Lonely Planet author Tom Downs loves New Orleans’ soulful, saucy and eccentric nature. Located as far South as geogrpahically possible in the USA, it’s only mildly American in flavour, more a gumbo of French, Carribbean and African American. Tourists might flock to Bourbon Street’s non-stop carnival but the whole city really knows how to have a great time.
Produced by Lonely Planet.
Did you enjoy this sample My Journey contest entry from Lonely Planet? Upload your own Travel Video and enter to WIN the chance to film for Lonely Planet on location in California thanks to T-Mobile myTouch 3G. Make sure your video is 3 minutes or less enter the My Journey contest at http://www.youtube.com/lonelyplanet .
Duration : 0:2:41
?????????????? Gallery ???????????????????????????? – www.kondoonang.com
Duration : 2 min 44 sec
Travel Show Live Host Erik Hastings tours New Orleans, Louisiana, one of America’s most sensual destinations, rich with history, culture, architecture, cuisine, music, and 24-hour entertainment. The French Quarter, Arts District, Garden District, Riverfront, and Downtown, are open for business and going strong with great attractions and values for visitors.
New Orleans The Crescent City
The history of New Orleans, Louisiana traces the city’s development from its founding by the French, through its period under Spanish control, then back to French rule before being sold to the United States in the Louisiana Purchase. It has been one of the most important cities in the South for most of its history.
All cities’ destinies are largely determined by geography and geology, but New Orleans’ more so than most. It would, in fact, be impossible to understand the history and economic development of New Orleans without some knowledge of its unique situation and site. For, New Orleans’ economic fate–indeed, its raison d’etre–as well as the pattern of its internal physical growth have been shaped by the Mississippi River. From its beginnings, New Orleans has been a city wed to river and ocean; an almost natural dock for the transshipment of goods.
Pierce Lewis, perhaps its most knowledgeable scholar, describes New Orleans as the “inevitable city on an impossible site.” His reasons for saying so were as obvious to early explorers as to modern geographers and geologists. A glance at the map of North America reveals that the continent’s interior is drained by a single river system–the Mississippi. From the Great Lakes to the Gulf of Mexico, from the Rockies to the Appalachians, the Mississippi with its vast network of tributaries, particularly the Ohio and Missouri Rivers, provides a natural waterway system for moving people and goods across the midcontinent of North America and down the Mississippi to its outlet on the Gulf.
Another glance at the North American map reveals that there should be a city at the mouth of so splendid a transportation system. Any city so strategically situated could control the trade between the vast interior of North America and the rest of the world; and a city in so strange a situation might even determine the political future of North America. These facts were as obvious to seventeenth century French explorers as they were to Thomas Jefferson, who said of New Orleans: “There is one spot on the globe, the possessor of which is our natural and habitual enemy. It is New Orleans.”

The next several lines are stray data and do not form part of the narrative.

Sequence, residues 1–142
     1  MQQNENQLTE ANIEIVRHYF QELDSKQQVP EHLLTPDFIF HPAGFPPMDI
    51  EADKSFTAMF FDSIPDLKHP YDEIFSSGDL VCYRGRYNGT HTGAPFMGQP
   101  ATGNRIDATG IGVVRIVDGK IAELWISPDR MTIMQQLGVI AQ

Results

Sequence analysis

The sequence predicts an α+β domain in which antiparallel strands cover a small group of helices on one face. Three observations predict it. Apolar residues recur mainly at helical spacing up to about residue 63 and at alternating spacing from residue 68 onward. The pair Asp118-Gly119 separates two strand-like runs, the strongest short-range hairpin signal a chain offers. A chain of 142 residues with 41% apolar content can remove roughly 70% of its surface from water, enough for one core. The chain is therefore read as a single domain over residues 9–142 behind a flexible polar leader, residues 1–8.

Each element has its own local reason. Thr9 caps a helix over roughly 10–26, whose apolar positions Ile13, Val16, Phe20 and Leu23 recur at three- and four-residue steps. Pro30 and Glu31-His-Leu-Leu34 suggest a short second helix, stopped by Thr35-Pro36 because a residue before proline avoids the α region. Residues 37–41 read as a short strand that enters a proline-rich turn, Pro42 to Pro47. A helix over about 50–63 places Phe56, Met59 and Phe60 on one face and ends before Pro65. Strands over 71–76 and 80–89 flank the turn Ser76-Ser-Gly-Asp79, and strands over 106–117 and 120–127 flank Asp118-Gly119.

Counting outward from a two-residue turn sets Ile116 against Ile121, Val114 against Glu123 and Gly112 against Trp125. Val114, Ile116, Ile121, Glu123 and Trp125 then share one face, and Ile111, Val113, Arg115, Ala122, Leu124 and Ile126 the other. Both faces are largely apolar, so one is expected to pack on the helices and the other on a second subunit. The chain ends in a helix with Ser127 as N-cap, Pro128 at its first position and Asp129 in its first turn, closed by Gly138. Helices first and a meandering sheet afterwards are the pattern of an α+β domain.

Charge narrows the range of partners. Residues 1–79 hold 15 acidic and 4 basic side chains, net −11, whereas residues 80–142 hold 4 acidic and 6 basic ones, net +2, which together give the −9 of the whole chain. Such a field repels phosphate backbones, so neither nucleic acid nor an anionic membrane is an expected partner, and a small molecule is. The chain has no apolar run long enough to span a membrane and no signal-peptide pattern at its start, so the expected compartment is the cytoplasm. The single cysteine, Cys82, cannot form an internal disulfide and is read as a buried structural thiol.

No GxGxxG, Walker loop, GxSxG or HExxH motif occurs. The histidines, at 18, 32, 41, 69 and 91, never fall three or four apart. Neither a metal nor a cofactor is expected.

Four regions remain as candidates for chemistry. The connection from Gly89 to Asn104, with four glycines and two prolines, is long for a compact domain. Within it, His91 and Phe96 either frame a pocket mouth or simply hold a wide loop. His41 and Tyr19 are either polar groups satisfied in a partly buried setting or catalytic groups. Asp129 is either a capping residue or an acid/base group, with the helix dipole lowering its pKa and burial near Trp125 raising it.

The French had established themselves in the norther part of North America (Canada) in the mid-seventeenth century by securing control of the St. Lawrence and the Great Lakes. Paris sought to limit the English to the eastern coast of the continent by claiming the Mississippi and its tributaries, thereby gaining control of the interior of North America. The key to securing the Mississippi was to control access to its mouth on the Gulf of Mexico, but the French explorers discovered there was a problem. From the mouth of the Mississippi to a point about 200 miles upstream (Baton Rouge), there was no ground high enough to provide a natural site for a city. While the great river demanded a splendid port city, it seemed to provide no place for one.
N E W O R L E A N S
New Orleans is a city in southern Louisiana, located on the Mississippi River. Most of the city is situated on the east bank, between the river and Lake Pontchartrain to the north. Because it was built on a great turn of the river, it is known as the Crescent City. New Orleans, with a population of 496,938 (1990 census), is the largest city in Louisiana and one of the principal cities of the South. It was established on the high ground nearest the mouth of the Mississippi, which is 177 km (110 mi) downstream. Elevations range from 3.65 m (12 ft) above sea level to 2 m (6.5 ft) below; as a result, an ingenious system of water pumps, drainage canals, and levees has been built to protect the city from flooding. The city covers a land area of 518 sq km (200 sq mi). New Orleans experiences mild winters and hot, humid summers. Temperatures in January average 13 deg C (55 deg F), and in July they average 28 deg C (82 deg F). Annual rainfall is 1,448 mm (57 in).